Five freezing facts about snow to tide you over this winter
Snow is one of the most polarizing things about winter — no pun intended. People love snow or hate snow, but even people who love snow sometimes just get sick of it — sick of shoveling it, trudging through it and even looking at it when it evolves from that freshly fallen white snow to the dirty grayish-black snow at the ends of our driveways and piled high in parking lots and along roads.
Where snow falls, it's as essential as rain. Just like rain, snow helps us avoid droughts. In some parts of the western United States, melting snow provides more than 75% of the water supply, the U.S. Environmental Protection Agency reports. Some plants and animals rely on snow and snowmelt for their survival, according to the EPA. In the preserves, snowy winters are useful for planting seeds to sprout in spring. And many of our favorite winter activities — like sledding and skiing — require snow.
Whether you need a little help appreciating snow or just want to know more about one of the things that makes winter so special, here are five fun facts about snow.
It's not white
That white Christmas many of us dream of year after year isn't exactly a pipe dream, but those rare white Christmases we do experience are more of an optical illusion, because snow isn't actually white. Instead, snowflakes are colorless, or translucent, according to Mental Floss.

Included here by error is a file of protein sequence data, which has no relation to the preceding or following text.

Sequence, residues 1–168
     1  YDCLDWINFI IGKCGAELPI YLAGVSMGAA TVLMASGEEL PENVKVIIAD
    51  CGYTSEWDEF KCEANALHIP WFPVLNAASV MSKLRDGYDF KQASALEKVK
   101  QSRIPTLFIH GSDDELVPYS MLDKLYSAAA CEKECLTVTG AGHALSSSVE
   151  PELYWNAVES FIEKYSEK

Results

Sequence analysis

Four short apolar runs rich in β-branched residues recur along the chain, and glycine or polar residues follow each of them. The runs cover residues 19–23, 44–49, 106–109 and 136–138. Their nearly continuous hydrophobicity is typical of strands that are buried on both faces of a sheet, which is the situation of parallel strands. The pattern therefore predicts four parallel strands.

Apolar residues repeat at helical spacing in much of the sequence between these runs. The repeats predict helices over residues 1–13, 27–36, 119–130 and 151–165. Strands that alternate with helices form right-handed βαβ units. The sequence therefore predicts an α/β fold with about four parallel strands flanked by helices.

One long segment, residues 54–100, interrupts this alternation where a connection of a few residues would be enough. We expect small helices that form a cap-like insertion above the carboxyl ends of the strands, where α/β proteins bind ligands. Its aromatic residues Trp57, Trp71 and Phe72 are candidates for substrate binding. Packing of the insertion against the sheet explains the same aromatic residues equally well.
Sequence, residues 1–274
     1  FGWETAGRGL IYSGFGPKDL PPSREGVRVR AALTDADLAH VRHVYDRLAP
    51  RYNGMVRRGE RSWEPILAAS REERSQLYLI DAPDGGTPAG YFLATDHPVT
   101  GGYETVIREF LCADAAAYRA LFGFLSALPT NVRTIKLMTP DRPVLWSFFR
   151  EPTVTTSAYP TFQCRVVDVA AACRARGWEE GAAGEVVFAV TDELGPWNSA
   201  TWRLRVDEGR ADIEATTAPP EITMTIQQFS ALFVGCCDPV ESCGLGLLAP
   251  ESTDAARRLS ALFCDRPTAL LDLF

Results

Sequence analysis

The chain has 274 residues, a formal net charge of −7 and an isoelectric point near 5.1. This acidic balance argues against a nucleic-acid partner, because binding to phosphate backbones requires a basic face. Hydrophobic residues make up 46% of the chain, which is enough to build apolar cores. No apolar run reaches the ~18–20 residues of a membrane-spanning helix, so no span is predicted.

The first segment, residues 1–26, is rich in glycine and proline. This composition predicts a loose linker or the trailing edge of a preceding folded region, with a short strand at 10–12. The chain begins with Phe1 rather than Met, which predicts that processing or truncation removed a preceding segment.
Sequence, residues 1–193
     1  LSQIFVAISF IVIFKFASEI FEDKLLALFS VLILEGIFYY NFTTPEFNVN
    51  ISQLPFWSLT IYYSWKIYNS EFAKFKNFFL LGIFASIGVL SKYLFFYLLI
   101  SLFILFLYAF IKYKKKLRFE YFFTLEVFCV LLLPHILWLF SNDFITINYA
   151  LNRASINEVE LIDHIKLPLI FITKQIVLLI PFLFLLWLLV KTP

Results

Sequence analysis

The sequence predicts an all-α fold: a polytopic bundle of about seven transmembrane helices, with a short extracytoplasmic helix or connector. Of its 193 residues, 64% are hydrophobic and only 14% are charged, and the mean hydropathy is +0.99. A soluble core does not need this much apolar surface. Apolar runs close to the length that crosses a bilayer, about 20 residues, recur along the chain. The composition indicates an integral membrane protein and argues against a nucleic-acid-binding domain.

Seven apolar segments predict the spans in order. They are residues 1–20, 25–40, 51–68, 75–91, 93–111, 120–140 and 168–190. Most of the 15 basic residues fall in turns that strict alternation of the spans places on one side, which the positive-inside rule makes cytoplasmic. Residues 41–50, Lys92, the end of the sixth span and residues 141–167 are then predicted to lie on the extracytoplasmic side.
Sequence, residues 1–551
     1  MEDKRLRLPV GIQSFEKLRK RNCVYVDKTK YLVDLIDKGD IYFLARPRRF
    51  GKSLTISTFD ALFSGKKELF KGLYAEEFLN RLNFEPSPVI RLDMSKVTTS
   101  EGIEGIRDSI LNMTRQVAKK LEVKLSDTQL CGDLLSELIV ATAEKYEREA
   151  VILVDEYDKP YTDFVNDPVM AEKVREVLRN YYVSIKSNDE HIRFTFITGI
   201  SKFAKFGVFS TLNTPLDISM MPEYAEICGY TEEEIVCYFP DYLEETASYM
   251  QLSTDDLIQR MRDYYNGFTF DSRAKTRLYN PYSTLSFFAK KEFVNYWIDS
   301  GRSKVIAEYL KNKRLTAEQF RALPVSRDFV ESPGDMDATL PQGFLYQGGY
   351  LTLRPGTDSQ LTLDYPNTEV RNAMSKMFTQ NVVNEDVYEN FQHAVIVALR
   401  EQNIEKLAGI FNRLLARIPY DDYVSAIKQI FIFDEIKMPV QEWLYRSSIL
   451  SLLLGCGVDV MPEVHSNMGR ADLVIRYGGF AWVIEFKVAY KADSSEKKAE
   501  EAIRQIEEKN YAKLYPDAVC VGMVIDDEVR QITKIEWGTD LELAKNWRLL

Snow looks white because the light reflecting off of it scatters in many directions, which diffuses the color spectrum. That causes us to see it as white, Mental Floss reports. This is similar to why we see the sky as blue. The sky reflects light too, but the blue wavelength of light is absorbed. With snow, no wavelengths of light are consistently absorbed or reflected because snowflakes are made up of so many minuscule surfaces. Instead, the white light is what we see, so the snow looks white.
And although we perceive snow as white, it can sometimes appear to be other colors as well. In polar regions and mountainous regions at high altitudes, snow sometimes looks pinkish because of the presence of a red-colored algae, Mental Floss reports. And sometimes deep snows can look blue. This happens for the same reason glaciers look blue. The deep snow, or ice in the case of a glacier, looks blue because the red wavelength of light is absorbed and the blue wavelength is transmitted, according to the U.S. Geological Survey. The farther the light travels in ice or snow, the more blue it will appear.